- When overhead sprinklers are used, water early in the day; morning is best. Foliage will dry quickly as the day warms.
- If plants are wilted, water right away.
- Check daily, and water thoroughly when soil feels dry an inch below the surface.
- If plants appear to be wilting, check soil to make sure it is dry — extreme overwatering can also cause wilting.
- Drip irrigation or soaker hoses can be put on a timer and help make vacation watering a breeze.
› Planting Tips
- Most soils benefit from the addition of organic matter such as compost, peat or composted manure. This helps poor, sandy soils to better retain moisture, and breaks up heavy clay soil to help air, water and plant roots move more freely.
- For new planting beds, prepare the soil by tilling, and work in organic matter following product recommendations.
- To add new plants to an established bed, it is best to prepare the soil using hand tools to avoid damaging the roots of the long-term residents.
- Gently remove plant from its container, taking care not to pull on the main stem as this can cause damage by breaking away roots.
- Using a trowel, make an opening in the prepared soil and insert plant at the same depth as it was in its container. For larger plants, make a low ring of soil around the plants, just wider than the root ball. This will help funnel the water to the plant’s roots during the establishment period.
- For peat pots, break away the lip of the container so that it is just lower than the soil, then plant as above. For other plant-in-the-pot products, follow package directions.
- Water carefully with a gentle sprinkle, soaking the prepared soil and the transplants.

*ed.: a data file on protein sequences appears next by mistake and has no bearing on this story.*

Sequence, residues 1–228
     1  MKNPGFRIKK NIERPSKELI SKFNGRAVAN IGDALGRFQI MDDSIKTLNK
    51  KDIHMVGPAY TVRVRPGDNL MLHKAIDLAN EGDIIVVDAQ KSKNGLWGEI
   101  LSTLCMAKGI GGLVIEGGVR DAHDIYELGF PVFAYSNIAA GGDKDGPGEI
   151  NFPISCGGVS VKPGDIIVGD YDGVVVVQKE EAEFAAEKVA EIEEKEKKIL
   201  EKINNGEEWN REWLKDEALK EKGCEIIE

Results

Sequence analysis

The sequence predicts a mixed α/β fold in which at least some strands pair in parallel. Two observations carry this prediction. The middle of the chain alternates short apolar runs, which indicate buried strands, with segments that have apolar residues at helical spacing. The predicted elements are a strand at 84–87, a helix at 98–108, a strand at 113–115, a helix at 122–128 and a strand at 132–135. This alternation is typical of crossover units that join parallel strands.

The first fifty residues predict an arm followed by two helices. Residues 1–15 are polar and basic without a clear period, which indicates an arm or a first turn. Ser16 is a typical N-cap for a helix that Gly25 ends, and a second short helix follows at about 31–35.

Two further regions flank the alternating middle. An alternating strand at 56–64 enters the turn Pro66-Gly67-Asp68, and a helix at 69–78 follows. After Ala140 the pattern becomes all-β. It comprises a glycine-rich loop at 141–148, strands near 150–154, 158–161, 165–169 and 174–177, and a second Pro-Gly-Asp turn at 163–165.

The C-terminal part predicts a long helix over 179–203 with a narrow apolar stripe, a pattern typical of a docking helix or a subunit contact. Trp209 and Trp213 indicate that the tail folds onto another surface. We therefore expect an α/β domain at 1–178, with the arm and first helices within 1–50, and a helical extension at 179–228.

- Mulch may be applied between the plants, keeping a few inches away from the plant stems. This will help prevent weeds and retain moisture.
- Large combination planters and hanging baskets are ready to use; simply place and enjoy.
- If you’re putting together your own combinations using smaller plants:
- Choose a container with drainage holes. There is no need to add pot shards or stones to the bottom of the pot.
- Plants have more room to grow and are less likely to dry out in larger containers.
- Use a lightweight professional potting mix for best results. Do not use garden soil as it will not drain well and plants usually fail to thrive.
- Remove plants from the nursery pots.
- Loosen roots gently if they are packed tightly into the shape of the container.
- Plant into potting mix at the same depth as the root ball.
- Water thoroughly with a gentle spray.
- Annuals in containers perform best with regular fertilization. High-quality potting soil promotes free drainage and healthy roots, but cannot provide nutrients for plant growth.
- If you choose a soil with fertilizer mixed in, apply supplemental fertilizer only as recommended for that product.
- Time-release products can be used as a soil dressing, and are applied only a few times during the growing season, depending on the product. Each time the plant is watered, a small amount of fertilizer is released.
- Water-soluble fertilizers can be applied with a hose end sprayer or mixed in a watering can or bucket. Use a product formulated for the type of plants you are growing, and apply according to package instructions.
- If your plants are dry and wilting, water immediately with clear water. Fertilizing at this time will cause leaf burn. Wait until plants have perked back up before feeding.
- Annuals planted in the ground can be fertilized less frequently, as good garden soil will provide the necessary nutrients.
- If plants are massed together, a time-release product is very effective.
- When plants are tucked in among perennials or shrubs, base fertilizing on the needs of those more permanent plantings.
› Pruning Tips
- Many of today’s hybrid annuals do not require pruning. Premium varieties are often compact and self-branching and do not produce fertile seeds, making it unnecessary to pinch off the old flowers to keep plants tidy and in constant bloom.
- However, you’ll enjoy your plants more if you visit them regularly, and they’ll always look fresh if you take the opportunity to remove any faded blooms or trim stray growth.
- Container plants benefit from occasional light trimming to keep them looking tidy and encourage new growth.
- Take notice of any signs of disease or insect damage so that you can take prompt preventive action.